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Life/Work Balance

Six ways to reduce stress and boost your happiness curve

By KarpenaruPublished 4 months ago 3 min read
Life/Work Balance
Photo by LinkedIn Sales Solutions on Unsplash

Researchers in the United States and Western Europe have discovered a "Happiness U-Curve," in which the happiness we enjoy in the early and later decades of our life plummets (to the bottom of the curve) in our mid-40s. But we don't have to suffer through this statistical low point if we take control of our time, stress levels and life/work balance.

Analyzing data on two million people in 80 countries, economists at the University of Warwick in England and Dartmouth College in the United States found a consistent pattern as we age to the highs and lows we reach on the happiness scale.

They reported in the journal Social Science & Medicine this year that our levels of happiness are higher in our younger and older years, but that our level of happiness tends to hit bottom in our mid-40s — regardless of gender or geography. The authors, economists Andrew Oswald of the University of Warwick and David Blanchflower of Dartmouth College, can't pinpoint the "why" behind the U-curve's consistency among such diverse populations; only that it exists.

But we can take control of our own Happiness Curve by taking pro-active steps that will keep our life/work balance tipped toward the upper reaches of that curve.

6 Ways to Take Control of Your Happiness Curve

Make time to be happy. In this time-crunched economy, in which we work longer hours and spend less time relaxing, it's vital to create more hours each day to be happy. It's all a matter of smarter time management skills. Where to begin? Make a record of how you spend each hour of each day for one week. At the end of the week, circle your time-wasters and eliminate them, one by one. Spend only scheduled times of the day to answer e-mails and telephone calls. If you spent only ten minutes each day getting your papers organized, you create hours for other tasks during your week. Every week, vow to win back a new hour to set aside just for you.

By Austin Distel on Unsplash

Simplify. Simplify your life by ridding yourself of the possessions that lead to more work than joy. If you spend more time organizing paperwork, go paperless by storing files on disks in one simple location. If you spend more time cleaning and re-arranging household items, rid yourself of those extra sets of clothes, dishes, furniture and other household items that aren't necessary. It's that simple.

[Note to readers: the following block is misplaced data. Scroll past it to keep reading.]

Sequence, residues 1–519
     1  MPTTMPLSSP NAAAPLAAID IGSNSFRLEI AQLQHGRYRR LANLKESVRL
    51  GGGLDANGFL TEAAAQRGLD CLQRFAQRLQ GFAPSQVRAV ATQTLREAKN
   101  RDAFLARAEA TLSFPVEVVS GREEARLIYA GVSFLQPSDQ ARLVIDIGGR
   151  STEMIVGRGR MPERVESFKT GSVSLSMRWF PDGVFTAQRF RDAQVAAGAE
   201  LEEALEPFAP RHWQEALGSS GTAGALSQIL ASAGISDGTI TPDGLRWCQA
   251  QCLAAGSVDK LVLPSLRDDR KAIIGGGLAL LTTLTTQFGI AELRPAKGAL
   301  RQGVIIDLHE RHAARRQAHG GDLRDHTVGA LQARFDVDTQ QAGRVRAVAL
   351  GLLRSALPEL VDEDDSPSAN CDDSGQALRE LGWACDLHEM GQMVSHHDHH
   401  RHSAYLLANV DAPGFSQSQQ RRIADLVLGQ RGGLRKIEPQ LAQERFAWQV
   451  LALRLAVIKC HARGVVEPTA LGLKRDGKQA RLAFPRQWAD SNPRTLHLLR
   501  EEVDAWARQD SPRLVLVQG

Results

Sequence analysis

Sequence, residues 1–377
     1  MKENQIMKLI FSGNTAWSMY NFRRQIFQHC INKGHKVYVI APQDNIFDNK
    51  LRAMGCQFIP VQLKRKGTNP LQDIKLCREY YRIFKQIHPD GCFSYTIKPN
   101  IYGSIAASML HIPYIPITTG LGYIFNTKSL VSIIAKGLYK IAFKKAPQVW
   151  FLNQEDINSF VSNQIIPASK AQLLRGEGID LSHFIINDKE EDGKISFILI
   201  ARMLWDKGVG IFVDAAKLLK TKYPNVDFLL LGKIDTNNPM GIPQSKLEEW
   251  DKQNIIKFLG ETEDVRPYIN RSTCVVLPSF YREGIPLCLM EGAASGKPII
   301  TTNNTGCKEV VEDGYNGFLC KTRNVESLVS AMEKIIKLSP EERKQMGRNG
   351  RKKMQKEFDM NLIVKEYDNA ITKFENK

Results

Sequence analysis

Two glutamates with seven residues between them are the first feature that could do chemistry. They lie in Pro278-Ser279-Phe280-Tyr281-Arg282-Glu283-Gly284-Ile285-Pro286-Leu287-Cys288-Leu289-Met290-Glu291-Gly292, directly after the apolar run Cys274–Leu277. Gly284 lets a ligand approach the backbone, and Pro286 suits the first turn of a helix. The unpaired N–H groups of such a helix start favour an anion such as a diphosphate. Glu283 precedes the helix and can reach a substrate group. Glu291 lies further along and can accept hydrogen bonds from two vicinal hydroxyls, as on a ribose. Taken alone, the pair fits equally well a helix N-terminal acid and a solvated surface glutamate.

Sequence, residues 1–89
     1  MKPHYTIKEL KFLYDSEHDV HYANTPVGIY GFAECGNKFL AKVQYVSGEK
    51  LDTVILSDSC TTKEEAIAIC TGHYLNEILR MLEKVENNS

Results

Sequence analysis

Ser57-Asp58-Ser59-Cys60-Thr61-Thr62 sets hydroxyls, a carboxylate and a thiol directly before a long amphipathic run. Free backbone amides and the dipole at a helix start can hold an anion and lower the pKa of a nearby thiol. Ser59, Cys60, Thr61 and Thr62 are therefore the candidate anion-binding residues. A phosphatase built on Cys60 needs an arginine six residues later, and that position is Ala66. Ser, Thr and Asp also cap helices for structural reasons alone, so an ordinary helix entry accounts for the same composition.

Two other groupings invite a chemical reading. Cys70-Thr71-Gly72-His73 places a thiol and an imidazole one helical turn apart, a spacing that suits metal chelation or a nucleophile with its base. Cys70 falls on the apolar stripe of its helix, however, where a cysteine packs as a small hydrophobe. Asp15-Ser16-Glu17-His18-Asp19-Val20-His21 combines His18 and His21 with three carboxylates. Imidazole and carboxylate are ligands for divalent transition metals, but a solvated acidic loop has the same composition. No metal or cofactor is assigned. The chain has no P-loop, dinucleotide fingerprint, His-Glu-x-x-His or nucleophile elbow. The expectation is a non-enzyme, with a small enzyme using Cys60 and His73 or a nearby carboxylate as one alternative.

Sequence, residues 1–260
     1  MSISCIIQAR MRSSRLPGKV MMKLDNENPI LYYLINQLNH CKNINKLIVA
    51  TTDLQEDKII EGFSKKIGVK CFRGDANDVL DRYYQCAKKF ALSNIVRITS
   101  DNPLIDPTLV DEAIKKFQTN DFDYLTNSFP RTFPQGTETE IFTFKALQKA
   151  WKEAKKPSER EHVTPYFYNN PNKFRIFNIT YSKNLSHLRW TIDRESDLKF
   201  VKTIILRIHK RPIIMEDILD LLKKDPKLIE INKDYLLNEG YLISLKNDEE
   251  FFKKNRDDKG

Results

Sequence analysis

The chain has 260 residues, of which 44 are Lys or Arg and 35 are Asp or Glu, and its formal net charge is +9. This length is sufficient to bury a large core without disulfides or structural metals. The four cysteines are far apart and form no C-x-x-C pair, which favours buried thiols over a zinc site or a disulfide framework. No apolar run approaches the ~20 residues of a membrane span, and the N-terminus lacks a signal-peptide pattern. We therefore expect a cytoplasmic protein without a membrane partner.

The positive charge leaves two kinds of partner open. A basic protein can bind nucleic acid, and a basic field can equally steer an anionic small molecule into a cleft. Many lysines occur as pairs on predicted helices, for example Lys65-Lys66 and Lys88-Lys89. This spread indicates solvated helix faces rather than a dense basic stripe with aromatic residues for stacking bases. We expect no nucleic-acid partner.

Energize. If you find yourself too exhausted to be happy, then energize with a healthier diet and a regular dose of exercise. There are alternatives to jogging if you consider it boring? Then dance. Can't find time for friends who make you laugh? You can send out an invitation for a healthy dinner or for taking a stroll with them once a week. Incorporate what makes you happy into your schedule for a life-energizing diet and exercise.

Avoid stress instigators. We're here in life to learn, and one of those learnings is to figure out what makes for unhappy stress. It's a way to eliminate them. Avoid or minimize time spent with stress-instigating workers, clients, acquaintances and family members. Practice taking deep breaths and slowly exhaling when you are in stressful situations that can't be avoided to calm you through these episodes.

Recognize U-Curve triggers. The statistics around the Happiness U-Curve don't manifest the same way in every individual. If you recognize what is causing your unhappiness, you can avoid the bottom of the curve by taking pro-active steps. Are you feeling dissatisfied with your achievements at work or in your personal endeavors? Make a list celebrating the achievements you have made. Even the smallest achievements quickly can add up when you write them down, one by one, once a week. Writing down achievements in a daily diary can keep the thought alive and become a great way to strategize for more successes to keep you happy.

Prioritize your happiness. Write 'Happiness" at the top of this week's task list. Next to the word, visualize what makes you happy and pencil it in, just as you would an important meeting with a client or a crucial household chore. When you know for a fact that you're happier with certain people over others, schedule time to be with those who make you happier. If a hobby or just spending time being lazy makes you happy, add that time to your schedule.


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